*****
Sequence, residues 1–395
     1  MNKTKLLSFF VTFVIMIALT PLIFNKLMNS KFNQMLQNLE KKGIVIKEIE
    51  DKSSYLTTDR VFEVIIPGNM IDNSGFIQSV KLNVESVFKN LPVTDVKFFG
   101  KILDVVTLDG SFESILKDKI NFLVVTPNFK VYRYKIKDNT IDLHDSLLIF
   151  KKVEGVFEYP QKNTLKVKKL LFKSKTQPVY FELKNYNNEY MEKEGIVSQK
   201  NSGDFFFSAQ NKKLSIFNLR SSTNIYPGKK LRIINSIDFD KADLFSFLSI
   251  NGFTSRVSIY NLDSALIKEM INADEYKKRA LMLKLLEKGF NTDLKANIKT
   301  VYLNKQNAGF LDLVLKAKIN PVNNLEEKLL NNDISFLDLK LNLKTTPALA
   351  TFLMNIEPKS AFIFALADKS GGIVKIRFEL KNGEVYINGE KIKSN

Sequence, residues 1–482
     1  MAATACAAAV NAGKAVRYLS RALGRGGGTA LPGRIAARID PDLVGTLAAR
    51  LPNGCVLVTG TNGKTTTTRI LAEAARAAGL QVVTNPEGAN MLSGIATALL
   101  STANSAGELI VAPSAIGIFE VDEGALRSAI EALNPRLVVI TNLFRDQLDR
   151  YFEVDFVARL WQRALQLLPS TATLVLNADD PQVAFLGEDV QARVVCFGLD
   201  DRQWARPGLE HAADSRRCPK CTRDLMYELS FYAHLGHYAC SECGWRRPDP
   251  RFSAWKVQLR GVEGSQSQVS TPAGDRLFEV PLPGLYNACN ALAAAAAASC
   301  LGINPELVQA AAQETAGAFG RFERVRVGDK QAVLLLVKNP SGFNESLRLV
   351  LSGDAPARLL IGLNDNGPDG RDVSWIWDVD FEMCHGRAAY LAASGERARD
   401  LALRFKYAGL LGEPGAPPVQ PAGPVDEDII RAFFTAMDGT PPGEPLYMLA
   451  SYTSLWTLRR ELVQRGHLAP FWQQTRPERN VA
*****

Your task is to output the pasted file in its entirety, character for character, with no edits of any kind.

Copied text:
Sequence, residues 1–395
     1  MNKTKLLSFF VTFVIMIALT PLIFNKLMNS KFNQMLQNLE KKGIVIKEIE
    51  DKSSYLTTDR VFEVIIPGNM IDNSGFIQSV KLNVESVFKN LPVTDVKFFG
   101  KILDVVTLDG SFESILKDKI NFLVVTPNFK VYRYKIKDNT IDLHDSLLIF
   151  KKVEGVFEYP QKNTLKVKKL LFKSKTQPVY FELKNYNNEY MEKEGIVSQK
   201  NSGDFFFSAQ NKKLSIFNLR SSTNIYPGKK LRIINSIDFD KADLFSFLSI
   251  NGFTSRVSIY NLDSALIKEM INADEYKKRA LMLKLLEKGF NTDLKANIKT
   301  VYLNKQNAGF LDLVLKAKIN PVNNLEEKLL NNDISFLDLK LNLKTTPALA
   351  TFLMNIEPKS AFIFALADKS GGIVKIRFEL KNGEVYINGE KIKSN

Sequence, residues 1–482
     1  MAATACAAAV NAGKAVRYLS RALGRGGGTA LPGRIAARID PDLVGTLAAR
    51  LPNGCVLVTG TNGKTTTTRI LAEAARAAGL QVVTNPEGAN MLSGIATALL
   101  STANSAGELI VAPSAIGIFE VDEGALRSAI EALNPRLVVI TNLFRDQLDR
   151  YFEVDFVARL WQRALQLLPS TATLVLNADD PQVAFLGEDV QARVVCFGLD
   201  DRQWARPGLE HAADSRRCPK CTRDLMYELS FYAHLGHYAC SECGWRRPDP
   251  RFSAWKVQLR GVEGSQSQVS TPAGDRLFEV PLPGLYNACN ALAAAAAASC
   301  LGINPELVQA AAQETAGAFG RFERVRVGDK QAVLLLVKNP SGFNESLRLV
   351  LSGDAPARLL IGLNDNGPDG RDVSWIWDVD FEMCHGRAAY LAASGERARD
   401  LALRFKYAGL LGEPGAPPVQ PAGPVDEDII RAFFTAMDGT PPGEPLYMLA
   451  SYTSLWTLRR ELVQRGHLAP FWQQTRPERN VA